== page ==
The search that ensued over the next five days, until search operations were concluded on 29 November, involved more than 825 flying hours by RAAF aircraft and the participation of 21 naval and merchant vessels.15
6.11 During the six days of searching for survivors or a sign of Sydney, it became evident that the Kormoran had fared much better in the confrontation than had the Australian ship. As an increasing number of survivors from the German ship were rescued by Allied ships or landed on the Western Australian coast, and as the picture of Sydney's fate became clearer, hope of finding survivors faded.
6.12 The search for Sydney survivors formally ended at 10.48pm on 29 November 1941 following instructions from the Central War Room.16 On Sunday 30 November, the Secretary of the Department of the Navy sent the following message to the Governor-General and the Prime Minister:
The Naval Board regret that after intensive air and surface search of the area, no evidence of HMAS Sydney has been sighted except two RAN lifebelts and one Carley float badly damaged by gunfire. It is concluded that Sydney sank after the action and further search has been abandoned.17
6.13 The only traces of Sydney acknowledged in Gill's account were a carley float picked up by Heros and several lifebelts.18 Of the 645 men on board Sydney, not a single survivor was found.
6.14 Table 6.1 provides details of the people and items recovered after the engagement. Table 6.2 provides details about some of the searches undertaken.
Table 6.1: People and Debris Recovered after the Engagement, November 1941
Table 6.2 Air Searches and Their Outcomes19
|24 November 1941
||Fan search from Rottnest Island to 480 kilometres, between
260 and 340
|25 November 1941, a.m.
||2410'S, 10853'E - 23S, 111E 2956'S, 11230'E -
|26 November 1941, a.m.
||2303'S, 11028'E - 2303'S, 11349'E 2510'S, 11028'E
- 2510'S, 11349'E
||Found boats picked up by Koolinda and Centaur
|26 November 1941, p.m.
||2440'S, 109E - 2440'S, 11335'E 2720'S, 109E -
|26 November 1941, p.m.
||2604'S, 11057'E - 2604'S, 11310'E 2737'S, 11057'E
- 2727'S, 11357'E
|27 November 1941, a.m.
||2412'S, 10740'E - 2412'S, 10915'E 27S, 10740'E
- 27S, 10915'E
|27 November 1941, a.m.
||Parallel track search, South East Datum Point - 2543'S,
|27 November 1941, a.m.
||Parallel track search, South East Datum Point - 27S,
||Boat found picked up by Yandra
|27 November 1941, p.m.
||Square Search 2008'S, 11107'E - 2008'S, 11243'E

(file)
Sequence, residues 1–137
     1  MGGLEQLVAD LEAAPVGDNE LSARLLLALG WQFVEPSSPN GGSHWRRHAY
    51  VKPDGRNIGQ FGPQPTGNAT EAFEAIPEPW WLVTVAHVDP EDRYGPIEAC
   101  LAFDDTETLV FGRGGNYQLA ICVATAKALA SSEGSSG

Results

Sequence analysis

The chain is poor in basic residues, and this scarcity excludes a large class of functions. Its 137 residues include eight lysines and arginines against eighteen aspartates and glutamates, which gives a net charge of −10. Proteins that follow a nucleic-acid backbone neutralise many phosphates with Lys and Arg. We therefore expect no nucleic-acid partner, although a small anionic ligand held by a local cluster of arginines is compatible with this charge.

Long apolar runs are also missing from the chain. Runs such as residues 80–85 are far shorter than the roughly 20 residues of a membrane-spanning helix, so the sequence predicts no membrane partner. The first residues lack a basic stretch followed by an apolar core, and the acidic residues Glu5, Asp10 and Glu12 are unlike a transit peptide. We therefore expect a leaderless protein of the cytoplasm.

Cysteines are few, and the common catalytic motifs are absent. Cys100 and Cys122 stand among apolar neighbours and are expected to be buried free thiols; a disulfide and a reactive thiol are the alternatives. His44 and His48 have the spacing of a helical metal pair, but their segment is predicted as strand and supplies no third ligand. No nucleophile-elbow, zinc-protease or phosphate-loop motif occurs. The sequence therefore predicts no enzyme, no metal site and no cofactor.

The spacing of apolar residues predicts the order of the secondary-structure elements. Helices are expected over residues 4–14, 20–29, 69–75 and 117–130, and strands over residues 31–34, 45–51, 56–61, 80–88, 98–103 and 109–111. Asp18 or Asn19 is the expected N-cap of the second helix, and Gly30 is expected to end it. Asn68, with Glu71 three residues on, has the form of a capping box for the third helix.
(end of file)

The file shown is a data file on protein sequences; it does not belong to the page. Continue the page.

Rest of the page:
2414'S, 11027'E - 2414'S, 11156'E
|28 November 1941, a.m.
||Square Search 22S, 109E - 22S, 111E 24S, 109E
- 24S, 111E
6.15 Of the wreckage, the RAN carley float believed to be from Sydney is now in the Australian War Memorial in Canberra. An official investigation of it was conducted in 1993 by the AWM.20 The location of the two lifebelts is not known.
6.16 Sydney researcher Mrs Glenys McDonald suggested that several other items which may have been from Sydney (and which were not included in the official history) came ashore at Port Gregory. Among these items were:
... a four-gallon tin of cabbage; a brand new tyre on a very damaged rim, which [the finders] put on their truck and later on a tractor; a hissing four-gallon tin of metho[lated spirits], which they did not touch because it looked too dangerous; a 150-gallon tin of kapok and four or five lifebelts that were knocked around a bit but not burned.21
6.17 Mrs McDonald also gave evidence that :
... [a] packing case board with HMAS Sydney painted, attached to a fired flare was picked up by a VDC patrol and handed in to the military authorities in Geraldton. I do not know why it has not appeared on any list. There was [also] a box marked HMAS Sydney that was found on Green Islet, a record of which is in the Australian War Memorial but which is also not on any official list.22
6.18 Mrs McDonald learnt of the retrieval of these additional pieces of 'wreckage' from Sydney when she collected oral evidence from residents of the Port Gregory area. It was also suggested to her, and later substantiated, that a grey lifeboat had come ashore near Baleine station, but admits that she has 'got no other information other than that the Forrester family obviously believed that a boat came in and that it was taken away'.23
An Earlier Search?
6.19 The veracity of Gill's account of the search for Sydney has been challenged by a number of people. It has been suggested that the official search for Sydney was started not on 24 November, but one day earlier than Gill states. This view also challenges the position taken by the Department of Defence and Australian Archives, that the search for Sydney commenced on 24 November, five days after the engagement.